Tall Grass Food Box, the CSA that Harris founded with Gabrielle E.W. Carter and Derrick Beasley, arose from the disruption of the pandemic. Carter was at the grocery store in March of 2020 when she ran into a family friend — a restaurant owner — and quickly got drawn into a deep conversation about the uncertainty that everyone in the food system was facing. Harris and Beasley had worked together previously as coordinators of the Black Farmers Market in Durham, North Carolina. The three of them wondered what was happening to farmers as the restaurants that supported them were shutting down.

They realized they could start a CSA to create a market for those crops that were going to go unused. “We started out with 20 boxes,” Harris says. “And then 20 jumped to 100 really, really fast. And then it just kind of took off.” Today, the team packs anywhere between 230 and 325 boxes every other Friday, and has worked with over a dozen Black farmers in the past two years.

Contents of a Tall Grass CSA box

One point of pride is that Tall Grass pays farmers retail prices for wholesale quantities. Harris and his co-creators see the job of the CSA as not only to provide fresh, seasonal produce to the community, but also to keep as much green as possible in the hands of the growers.

“These are the principles that were started with Booker T. Whatley, and others,” Harris says. For him, the work is also personal — he comes from a long line of farmers in Arkansas. From a young age, he learned from his grandfather the importance of self-sufficiency, of knowing where your food comes from, and of sharing that with the community. “This work, for me, has always been a dedication to my Pawpaw. He’s the first social entrepreneur I knew,” Harris says. “I feel like I’m living for my ancestors that started this process. And what we’re trying to do is continue to expand on the work that they did.”

More exposure

  • Read: a Q&A about land, history, and Blackness (Radicle Magazine, from Earth in Color)
  • Read: a feature on the Detroit Black Farmer Land Fund, a project that helps make land ownership possible for growers in the city (Grist)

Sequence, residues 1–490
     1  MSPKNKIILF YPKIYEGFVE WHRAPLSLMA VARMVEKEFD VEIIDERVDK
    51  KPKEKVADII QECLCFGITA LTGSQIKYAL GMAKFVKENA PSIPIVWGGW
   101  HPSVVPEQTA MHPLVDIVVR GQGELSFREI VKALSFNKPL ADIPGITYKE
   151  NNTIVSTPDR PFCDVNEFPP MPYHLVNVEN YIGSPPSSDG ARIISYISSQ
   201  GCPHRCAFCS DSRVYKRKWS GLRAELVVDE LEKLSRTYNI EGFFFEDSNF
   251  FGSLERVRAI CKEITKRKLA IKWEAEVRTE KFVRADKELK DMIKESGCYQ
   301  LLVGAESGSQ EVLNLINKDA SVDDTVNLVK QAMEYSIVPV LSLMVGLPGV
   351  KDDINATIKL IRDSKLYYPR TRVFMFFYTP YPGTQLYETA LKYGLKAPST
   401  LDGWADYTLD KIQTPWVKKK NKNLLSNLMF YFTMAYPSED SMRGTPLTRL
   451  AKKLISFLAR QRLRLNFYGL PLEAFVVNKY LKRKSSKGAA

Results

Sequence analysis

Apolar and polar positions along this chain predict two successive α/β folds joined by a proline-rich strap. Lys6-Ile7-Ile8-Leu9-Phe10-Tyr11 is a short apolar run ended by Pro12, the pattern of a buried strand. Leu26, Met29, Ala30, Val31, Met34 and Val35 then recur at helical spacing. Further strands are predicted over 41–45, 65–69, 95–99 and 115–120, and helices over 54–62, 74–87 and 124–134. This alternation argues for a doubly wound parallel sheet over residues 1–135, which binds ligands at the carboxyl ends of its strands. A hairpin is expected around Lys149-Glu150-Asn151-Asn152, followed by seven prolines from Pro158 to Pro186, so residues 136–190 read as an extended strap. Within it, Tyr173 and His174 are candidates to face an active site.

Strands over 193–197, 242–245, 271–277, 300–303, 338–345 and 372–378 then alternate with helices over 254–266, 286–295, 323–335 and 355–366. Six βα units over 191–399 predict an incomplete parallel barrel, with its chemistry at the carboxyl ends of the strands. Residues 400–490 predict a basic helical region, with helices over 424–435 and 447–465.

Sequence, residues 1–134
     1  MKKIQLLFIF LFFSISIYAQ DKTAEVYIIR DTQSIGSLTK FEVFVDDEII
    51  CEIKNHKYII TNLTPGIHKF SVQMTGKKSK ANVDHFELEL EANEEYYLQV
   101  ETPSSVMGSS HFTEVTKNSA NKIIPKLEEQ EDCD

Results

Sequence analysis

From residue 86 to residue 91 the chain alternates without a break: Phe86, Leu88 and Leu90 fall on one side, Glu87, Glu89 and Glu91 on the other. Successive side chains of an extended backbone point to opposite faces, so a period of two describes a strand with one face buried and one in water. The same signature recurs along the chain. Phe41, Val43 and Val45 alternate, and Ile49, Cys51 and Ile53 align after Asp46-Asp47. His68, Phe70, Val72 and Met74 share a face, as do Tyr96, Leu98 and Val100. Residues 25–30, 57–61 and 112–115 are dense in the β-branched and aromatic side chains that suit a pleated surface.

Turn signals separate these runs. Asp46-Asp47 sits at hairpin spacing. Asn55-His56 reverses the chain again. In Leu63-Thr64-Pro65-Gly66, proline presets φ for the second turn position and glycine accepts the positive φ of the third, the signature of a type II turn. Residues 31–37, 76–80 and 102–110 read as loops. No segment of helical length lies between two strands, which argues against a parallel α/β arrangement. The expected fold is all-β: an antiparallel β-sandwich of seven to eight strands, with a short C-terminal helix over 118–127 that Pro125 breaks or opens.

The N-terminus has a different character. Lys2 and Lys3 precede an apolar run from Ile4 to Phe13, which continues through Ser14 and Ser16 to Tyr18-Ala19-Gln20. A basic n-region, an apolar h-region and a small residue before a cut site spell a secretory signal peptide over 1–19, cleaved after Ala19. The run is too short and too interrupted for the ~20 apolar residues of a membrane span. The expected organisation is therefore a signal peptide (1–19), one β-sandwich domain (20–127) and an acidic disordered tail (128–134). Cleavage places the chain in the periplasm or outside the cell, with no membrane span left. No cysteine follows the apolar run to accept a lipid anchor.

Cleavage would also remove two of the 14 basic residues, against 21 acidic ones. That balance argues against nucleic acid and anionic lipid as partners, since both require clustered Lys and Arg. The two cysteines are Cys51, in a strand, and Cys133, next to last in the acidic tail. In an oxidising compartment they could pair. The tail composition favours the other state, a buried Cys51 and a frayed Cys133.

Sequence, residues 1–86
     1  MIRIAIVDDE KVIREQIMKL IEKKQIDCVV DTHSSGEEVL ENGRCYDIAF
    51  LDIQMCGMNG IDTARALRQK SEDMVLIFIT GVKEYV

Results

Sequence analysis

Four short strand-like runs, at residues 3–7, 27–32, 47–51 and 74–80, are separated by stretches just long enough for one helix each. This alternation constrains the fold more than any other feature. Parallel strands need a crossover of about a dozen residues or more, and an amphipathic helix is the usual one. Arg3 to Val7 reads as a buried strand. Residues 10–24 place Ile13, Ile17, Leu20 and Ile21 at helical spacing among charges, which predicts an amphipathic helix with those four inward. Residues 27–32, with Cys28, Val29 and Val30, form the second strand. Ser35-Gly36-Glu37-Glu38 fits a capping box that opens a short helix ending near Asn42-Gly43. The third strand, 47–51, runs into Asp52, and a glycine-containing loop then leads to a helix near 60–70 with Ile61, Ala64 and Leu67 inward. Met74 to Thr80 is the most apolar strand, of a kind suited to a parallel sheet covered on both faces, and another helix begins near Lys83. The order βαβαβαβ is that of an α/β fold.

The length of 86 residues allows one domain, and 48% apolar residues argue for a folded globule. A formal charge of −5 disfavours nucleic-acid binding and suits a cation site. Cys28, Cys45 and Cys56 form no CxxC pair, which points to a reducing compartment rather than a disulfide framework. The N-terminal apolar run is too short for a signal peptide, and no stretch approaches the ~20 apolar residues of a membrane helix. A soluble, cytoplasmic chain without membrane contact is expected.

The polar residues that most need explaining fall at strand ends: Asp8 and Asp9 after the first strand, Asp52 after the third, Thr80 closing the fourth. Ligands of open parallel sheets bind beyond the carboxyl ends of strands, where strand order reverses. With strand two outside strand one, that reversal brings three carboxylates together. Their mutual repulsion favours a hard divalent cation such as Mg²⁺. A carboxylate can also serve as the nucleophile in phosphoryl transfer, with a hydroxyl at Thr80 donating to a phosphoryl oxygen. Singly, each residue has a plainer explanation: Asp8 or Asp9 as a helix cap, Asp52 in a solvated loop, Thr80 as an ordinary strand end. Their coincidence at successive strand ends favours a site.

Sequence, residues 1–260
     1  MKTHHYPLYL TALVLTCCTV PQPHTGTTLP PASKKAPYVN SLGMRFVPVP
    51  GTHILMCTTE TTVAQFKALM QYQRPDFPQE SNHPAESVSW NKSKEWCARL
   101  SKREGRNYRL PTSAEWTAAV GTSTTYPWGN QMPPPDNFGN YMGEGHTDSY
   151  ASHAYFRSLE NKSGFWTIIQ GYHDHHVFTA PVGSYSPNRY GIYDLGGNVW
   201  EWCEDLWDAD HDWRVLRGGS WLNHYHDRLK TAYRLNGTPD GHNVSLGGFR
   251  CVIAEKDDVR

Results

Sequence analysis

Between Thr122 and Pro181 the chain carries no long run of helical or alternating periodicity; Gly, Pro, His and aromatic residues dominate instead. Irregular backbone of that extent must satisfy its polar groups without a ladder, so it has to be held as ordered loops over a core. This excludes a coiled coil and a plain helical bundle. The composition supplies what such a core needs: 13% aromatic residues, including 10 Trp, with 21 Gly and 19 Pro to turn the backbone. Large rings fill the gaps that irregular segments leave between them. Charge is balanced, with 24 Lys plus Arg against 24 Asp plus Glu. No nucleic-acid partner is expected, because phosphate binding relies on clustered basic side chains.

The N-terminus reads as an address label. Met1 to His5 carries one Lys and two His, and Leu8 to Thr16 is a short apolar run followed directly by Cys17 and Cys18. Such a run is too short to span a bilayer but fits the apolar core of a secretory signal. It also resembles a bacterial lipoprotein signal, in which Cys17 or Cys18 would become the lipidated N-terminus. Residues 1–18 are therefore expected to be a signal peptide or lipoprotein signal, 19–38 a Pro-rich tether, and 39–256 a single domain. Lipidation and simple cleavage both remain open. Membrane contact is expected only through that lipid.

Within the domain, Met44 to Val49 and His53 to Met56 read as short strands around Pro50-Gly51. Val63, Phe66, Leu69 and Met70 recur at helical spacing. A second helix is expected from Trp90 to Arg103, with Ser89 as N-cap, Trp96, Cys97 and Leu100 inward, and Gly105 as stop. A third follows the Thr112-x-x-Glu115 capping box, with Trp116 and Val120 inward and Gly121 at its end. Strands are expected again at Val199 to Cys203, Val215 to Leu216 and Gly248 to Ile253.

• Read — or, rather, preorder — Healing Grounds, a book by Liz Carlisle that tells the stories of regenerative farming and its deep roots in BIPOC communities
  • Watch: the Netflix docuseries High on the Hog, which traces the history and traditions of African American cuisine (Tall Grass co-creator Gabrielle E.W. Carter makes an appearance in episode 2!)
  • Browse: this database to find a CSA or farmers market near you

See for yourself

What figure from history inspires you in your climate and justice work? Reply to this email to let us know about your unsung (or sung!) hero.

Something else on your mind?

Email us about the radical solution you’re working on or a topic you’re curious about — or try your hand at writing your own drabble. Tell us what you see in our climate future, and maybe you’ll see it in the future of this newsletter.

On our horizon

Fix’s Tory Stephens will join our friends at Soapbox Project for an online event on March 3 exploring climate imagination. After hearing from panelists, participants will go into breakout rooms to discuss their own visions for our climate future. Looking Forward subscribers can attend for free — just use the code GRIST when you register.

A parting shot

Farm practices that are good for the earth and the community also can be healing for the people tending the ground. That’s the idea behind Soul Fire Farm, an 80-acre nonprofit farm outside Albany, New York. Founded and directed by Leah Penniman (who was featured on the 2019 Grist 50), Soul Fire’s mission is to weed out racism and injustice in the food system by reclaiming and teaching ancestral growing practices for Black, Indigenous, and other people of color.

Participants in Soul Fire Farm's immersion program,